In this interesting drink driving case of Queensland Police Service v Murray  QMC 5, the court found the defendant not guilty of driving under the influence where he was found asleep in the driver’s seat with the engine running.
Mr Murray was charged with “being in charge of a motor vehicle while under the influence of liquor or a drug”, an offence against the Transport Operations (Road Use Management) Act 1995 (‘TORUM Act’).
He pleaded not guilty and the charge proceeded to trial in the Mackay Magistrates Court.
The prosecution’s evidence was that two police officers were on duty at 12.55 am when they came upon Mr Murray’s car. The car was parked with the engine running and with its headlights, taillights and right-hand indicator illuminated. Mr Murray was sleeping on the driver’s seat which was fully reclined.
The officers, with some difficulty, woke up Mr Murray and directed him to undertake a breath test. The roadside test returned a blood alcohol content (BAC) reading of 0.187. When tested again at the station, he returned a further BAC reading of 0.168. He was taken to a cell and informed that his driver’s licence had been immediately suspended.
Mr Murray gave evidence at trial that on the night in question, his crew was celebrating the end of a 60-hour work week with some drinks at his colleague’s house. When Mr Murray was ready to leave, he could not find a lift home and so decided to sleep in his car.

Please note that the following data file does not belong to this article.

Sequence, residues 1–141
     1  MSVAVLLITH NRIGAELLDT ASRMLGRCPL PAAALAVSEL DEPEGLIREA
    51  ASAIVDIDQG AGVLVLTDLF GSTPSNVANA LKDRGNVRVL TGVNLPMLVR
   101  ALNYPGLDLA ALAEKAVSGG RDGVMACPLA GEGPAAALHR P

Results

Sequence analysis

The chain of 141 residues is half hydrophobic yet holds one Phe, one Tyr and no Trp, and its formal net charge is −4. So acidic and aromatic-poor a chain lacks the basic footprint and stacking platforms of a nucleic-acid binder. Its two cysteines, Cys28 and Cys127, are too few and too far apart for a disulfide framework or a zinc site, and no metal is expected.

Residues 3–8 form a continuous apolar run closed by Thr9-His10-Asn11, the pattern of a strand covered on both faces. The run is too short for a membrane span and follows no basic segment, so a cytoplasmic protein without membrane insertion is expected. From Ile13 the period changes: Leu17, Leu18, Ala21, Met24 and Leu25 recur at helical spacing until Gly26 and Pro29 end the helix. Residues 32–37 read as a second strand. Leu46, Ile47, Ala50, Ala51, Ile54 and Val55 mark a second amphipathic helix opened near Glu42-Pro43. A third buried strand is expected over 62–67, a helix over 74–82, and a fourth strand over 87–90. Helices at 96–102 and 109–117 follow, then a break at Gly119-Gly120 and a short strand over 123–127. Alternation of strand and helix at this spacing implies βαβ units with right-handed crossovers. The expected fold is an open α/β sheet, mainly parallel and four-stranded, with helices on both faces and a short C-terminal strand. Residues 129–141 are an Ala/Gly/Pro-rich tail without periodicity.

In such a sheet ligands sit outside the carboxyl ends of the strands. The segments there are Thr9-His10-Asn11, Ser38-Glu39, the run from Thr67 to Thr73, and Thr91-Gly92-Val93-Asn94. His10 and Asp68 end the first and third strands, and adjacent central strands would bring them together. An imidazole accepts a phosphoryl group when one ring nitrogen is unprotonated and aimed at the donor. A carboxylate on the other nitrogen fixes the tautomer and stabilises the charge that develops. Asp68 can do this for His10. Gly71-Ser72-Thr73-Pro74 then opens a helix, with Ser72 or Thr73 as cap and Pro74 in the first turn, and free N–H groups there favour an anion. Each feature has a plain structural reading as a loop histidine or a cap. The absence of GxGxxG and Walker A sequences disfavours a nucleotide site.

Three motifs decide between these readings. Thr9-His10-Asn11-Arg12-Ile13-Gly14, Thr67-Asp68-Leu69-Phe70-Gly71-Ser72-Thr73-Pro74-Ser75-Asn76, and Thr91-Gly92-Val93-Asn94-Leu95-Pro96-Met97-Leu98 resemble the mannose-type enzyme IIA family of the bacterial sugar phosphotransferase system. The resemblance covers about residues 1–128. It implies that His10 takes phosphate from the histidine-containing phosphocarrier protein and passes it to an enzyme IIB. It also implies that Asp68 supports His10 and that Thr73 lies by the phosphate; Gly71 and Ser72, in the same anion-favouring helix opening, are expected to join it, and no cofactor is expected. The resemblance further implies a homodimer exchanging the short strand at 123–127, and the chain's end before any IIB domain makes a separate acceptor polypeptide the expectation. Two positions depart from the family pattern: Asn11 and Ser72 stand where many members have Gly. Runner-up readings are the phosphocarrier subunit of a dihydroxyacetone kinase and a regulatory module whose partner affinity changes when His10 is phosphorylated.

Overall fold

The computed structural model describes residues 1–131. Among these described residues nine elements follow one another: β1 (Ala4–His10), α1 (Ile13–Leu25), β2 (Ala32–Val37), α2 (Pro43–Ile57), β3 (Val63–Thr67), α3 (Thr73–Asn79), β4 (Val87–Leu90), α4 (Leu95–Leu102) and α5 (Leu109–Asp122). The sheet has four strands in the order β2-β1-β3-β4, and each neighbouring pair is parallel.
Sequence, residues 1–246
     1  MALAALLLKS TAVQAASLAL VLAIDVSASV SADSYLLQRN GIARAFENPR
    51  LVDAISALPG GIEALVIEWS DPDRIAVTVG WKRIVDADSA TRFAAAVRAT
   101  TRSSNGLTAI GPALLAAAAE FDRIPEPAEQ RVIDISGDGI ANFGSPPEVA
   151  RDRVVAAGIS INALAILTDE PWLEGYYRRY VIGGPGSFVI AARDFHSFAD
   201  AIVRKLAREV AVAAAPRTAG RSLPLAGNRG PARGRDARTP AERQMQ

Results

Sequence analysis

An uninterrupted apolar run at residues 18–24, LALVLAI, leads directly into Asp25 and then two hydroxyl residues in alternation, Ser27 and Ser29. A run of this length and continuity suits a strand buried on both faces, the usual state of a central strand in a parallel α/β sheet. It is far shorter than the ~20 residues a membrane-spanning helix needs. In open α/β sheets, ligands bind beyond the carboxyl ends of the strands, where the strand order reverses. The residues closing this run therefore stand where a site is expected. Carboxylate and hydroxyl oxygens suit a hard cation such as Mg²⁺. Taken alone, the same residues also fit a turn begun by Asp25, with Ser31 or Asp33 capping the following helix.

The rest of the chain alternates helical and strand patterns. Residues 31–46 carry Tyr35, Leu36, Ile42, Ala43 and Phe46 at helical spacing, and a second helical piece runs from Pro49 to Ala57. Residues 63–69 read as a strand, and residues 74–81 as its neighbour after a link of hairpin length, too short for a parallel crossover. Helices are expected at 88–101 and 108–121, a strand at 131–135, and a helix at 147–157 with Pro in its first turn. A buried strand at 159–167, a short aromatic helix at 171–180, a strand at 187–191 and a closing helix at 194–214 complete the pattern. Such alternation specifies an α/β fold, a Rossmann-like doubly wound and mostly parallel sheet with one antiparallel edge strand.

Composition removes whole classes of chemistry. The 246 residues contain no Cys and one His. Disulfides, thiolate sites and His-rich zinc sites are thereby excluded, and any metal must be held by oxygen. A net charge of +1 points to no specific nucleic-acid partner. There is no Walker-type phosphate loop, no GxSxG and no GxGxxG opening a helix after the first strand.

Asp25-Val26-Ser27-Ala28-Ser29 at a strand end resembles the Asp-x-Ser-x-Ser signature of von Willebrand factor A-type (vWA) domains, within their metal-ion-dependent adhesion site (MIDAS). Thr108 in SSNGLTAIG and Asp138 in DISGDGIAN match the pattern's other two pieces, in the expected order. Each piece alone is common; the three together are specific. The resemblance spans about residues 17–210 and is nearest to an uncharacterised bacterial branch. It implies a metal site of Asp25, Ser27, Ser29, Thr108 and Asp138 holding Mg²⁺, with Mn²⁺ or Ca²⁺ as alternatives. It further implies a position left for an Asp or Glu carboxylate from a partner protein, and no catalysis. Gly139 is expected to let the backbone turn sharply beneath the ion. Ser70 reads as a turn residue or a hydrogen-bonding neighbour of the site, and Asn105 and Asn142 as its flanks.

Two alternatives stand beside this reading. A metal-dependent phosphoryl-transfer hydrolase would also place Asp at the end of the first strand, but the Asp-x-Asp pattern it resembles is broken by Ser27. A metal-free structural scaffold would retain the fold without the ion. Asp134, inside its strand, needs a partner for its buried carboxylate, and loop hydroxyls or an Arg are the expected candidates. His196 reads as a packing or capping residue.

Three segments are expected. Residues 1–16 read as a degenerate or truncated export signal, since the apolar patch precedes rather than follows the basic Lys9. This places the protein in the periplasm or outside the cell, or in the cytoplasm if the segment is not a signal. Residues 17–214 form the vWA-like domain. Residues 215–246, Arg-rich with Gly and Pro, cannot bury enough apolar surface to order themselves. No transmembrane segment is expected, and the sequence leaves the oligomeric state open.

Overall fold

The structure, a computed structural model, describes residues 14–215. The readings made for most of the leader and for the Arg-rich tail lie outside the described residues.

He recalled waking up in his car and feeling extremely hot. Although his recollection of it was not clear, he believed that he then turned the keys in the ignition to open the electric windows before falling back to sleep.
His colleague gave evidence that he had offered Mr Murray a room for the night but that Mr Murray had not wanted to burden him. Instead, he and another colleague had helped Mr Murray to his car with his intention being to sleep there for the night.
Mr Murray’s lawyers raised the defence provided by section 79(6) of the TORUM Act.
In summary, a defence under this section of the Act requires the court to discharge the defendant if satisfied beyond reasonable doubt that at the material time:
In advancing this defence, Mr Murray’s lawyers relied on the decision of Newburn v McCann, ex parte McCann  QWN 17. In that case, the appellant was found asleep, under the influence of liquor, on the fully reclined driver’s seat of his car. He had given his keys to another person and did not have access to them. The defence was found to apply and Newburn was acquitted. The Court emphasised that:
“The subsection requires two things, the existence of an intention of refraining from driving whilst under the influence of liquor or a drug and a manifestation of that intention by occupying a compartment other than that containing the driving seat…”
The prosecution in Mr Murray’s case argued that the defence did not apply to Mr Murray because relevantly:
The court acknowledged that there were differences between this case and that of Newburn.
Nevertheless, the court found that the defence had been successfully raised and Mr Murray was found not guilty of the charge. Ultimately, the court found that:
If you’ve been charged with traffic-related offences and require advice about your options, representation at court or appeals in the Magistrate’s Court, you should speak with a Gilshenan & Luton criminal lawyer.
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